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Associated Press, Jan. 19, 2006
by Angela Delli Santi, AP Writer
TRENTON, N.J. -- Four Republican lawmakers on Thursday said they were withdrawing their lawsuit to prevent needle exchanges from starting in three cities because the order authorizing the program had expired.
Declaring a public health emergency, former Gov. James E. McGreevey used his executive power just before leaving office in 2004 to authorize syringe access programs for drug users in Atlantic City, Camden and a third, unnamed city. The order was challenged almost immediately, however, and lapsed on Dec. 31, before the lawsuits were resolved or any programs were running.
New Jersey and Delaware are the only states that do not provide access to free needles.
Proponents say such programs stem the spread of AIDS and HIV by providing clean, sterile needles to intravenous drug users. Opponents contend that giving needles to drug abusers fuels addiction and its accompanying ills, and fails to address social problems like poverty and unemployment that lead to drug addiction.
The litigation filed by Sens. Ronald Rice, D-Essex, and Tom Kean, R-Union, and Assemblymen Joe Pennacchio, R-Morris, and Eric Munoz, R-Union, claimed that there was no emergency and McGreevey did not have the right to bypass the Legislature on the issue.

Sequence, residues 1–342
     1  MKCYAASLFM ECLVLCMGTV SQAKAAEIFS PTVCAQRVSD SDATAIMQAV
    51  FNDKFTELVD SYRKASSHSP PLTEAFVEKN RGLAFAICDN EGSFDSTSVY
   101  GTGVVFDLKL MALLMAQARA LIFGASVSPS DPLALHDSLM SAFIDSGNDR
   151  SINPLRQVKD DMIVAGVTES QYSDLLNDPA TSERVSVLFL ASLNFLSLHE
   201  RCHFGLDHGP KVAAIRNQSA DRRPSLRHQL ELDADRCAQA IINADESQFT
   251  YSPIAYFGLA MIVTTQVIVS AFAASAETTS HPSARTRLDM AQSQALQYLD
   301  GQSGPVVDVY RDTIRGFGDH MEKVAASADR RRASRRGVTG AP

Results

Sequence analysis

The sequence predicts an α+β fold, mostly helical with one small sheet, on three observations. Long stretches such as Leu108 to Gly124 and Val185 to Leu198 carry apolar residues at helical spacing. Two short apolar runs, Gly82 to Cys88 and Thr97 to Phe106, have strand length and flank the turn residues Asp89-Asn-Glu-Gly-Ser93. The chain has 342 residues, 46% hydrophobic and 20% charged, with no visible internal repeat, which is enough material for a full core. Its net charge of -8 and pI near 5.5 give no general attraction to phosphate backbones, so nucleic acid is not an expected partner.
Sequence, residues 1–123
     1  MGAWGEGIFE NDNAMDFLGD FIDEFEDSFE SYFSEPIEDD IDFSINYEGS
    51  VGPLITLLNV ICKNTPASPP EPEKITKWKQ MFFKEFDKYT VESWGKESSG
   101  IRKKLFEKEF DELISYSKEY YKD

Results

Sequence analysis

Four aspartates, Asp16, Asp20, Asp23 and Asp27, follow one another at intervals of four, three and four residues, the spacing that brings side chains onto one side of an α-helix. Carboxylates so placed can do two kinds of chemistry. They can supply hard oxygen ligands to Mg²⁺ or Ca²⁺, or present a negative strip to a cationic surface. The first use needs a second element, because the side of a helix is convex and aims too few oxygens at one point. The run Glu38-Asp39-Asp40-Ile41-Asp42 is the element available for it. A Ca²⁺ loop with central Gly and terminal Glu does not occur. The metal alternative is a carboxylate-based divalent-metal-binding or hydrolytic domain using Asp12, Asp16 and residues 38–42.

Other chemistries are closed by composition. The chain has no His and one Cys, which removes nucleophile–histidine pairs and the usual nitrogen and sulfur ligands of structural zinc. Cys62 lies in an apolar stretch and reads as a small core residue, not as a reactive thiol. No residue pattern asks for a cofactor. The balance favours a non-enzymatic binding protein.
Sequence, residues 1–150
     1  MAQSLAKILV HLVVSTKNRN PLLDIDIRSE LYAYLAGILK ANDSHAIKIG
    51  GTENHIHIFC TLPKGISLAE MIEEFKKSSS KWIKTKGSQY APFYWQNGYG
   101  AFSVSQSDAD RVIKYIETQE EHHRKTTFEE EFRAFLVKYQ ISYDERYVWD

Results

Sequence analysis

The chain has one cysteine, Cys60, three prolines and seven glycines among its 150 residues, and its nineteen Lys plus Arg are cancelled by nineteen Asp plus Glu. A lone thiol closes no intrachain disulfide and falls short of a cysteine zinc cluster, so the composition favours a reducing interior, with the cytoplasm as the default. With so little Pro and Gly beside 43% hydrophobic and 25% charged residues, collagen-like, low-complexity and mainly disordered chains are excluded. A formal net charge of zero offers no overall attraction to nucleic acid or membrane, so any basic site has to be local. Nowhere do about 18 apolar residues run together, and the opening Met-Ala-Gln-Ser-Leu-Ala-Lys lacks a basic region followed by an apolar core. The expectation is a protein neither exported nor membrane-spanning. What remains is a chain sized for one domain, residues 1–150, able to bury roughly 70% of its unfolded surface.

Bills authorizing needle exchange programs in the state have been introduced in both houses of the Legislature, which convened Jan. 10. Similar legislation was approved by the Assembly in the prior session but stalled in the Senate.
Gov. Jon S. Corzine indicated during the campaign that would support a needle exchange initiative.
'This issue transcends party lines,' Corzine spokesman Anthony Coley said Thursday. 'Legislators of all political stripes agree that we must curb the spread of HIV and AIDS, which has skyrocketed in our communities. The governor is considering how best to achieve this goal and welcomes input from these legislators.'
Pennacchio said the suit was withdrawn out of respect for the backlogged courts, but that his opposition to free needles has not waned.
'I don't think it's going to go anywhere,' Pennacchio said of the legislation. 'I hope it doesn't. This is lousy public policy.' He said the state would become a party to violence and despair _ the byproducts of drug addiction _ if it were to give needles away.
Recent court decisions have gone opponents' way.
The Appellate Division stayed the executive order in June, siding with the four lawmakers.
A three-judge Appellate Division panel shot down Atlantic City's syringe-exchange program July, saying it violated state drug laws. Advocates have filed a petition with the state Supreme Court to hear the case.
'We would hope the state Supreme Court would hear this case,' said Roseanne Scotti, director of the pro-needle exchange Drug Policy Alliance. 'We think it's a very important one about the power of municipalities to guard their local citizens.'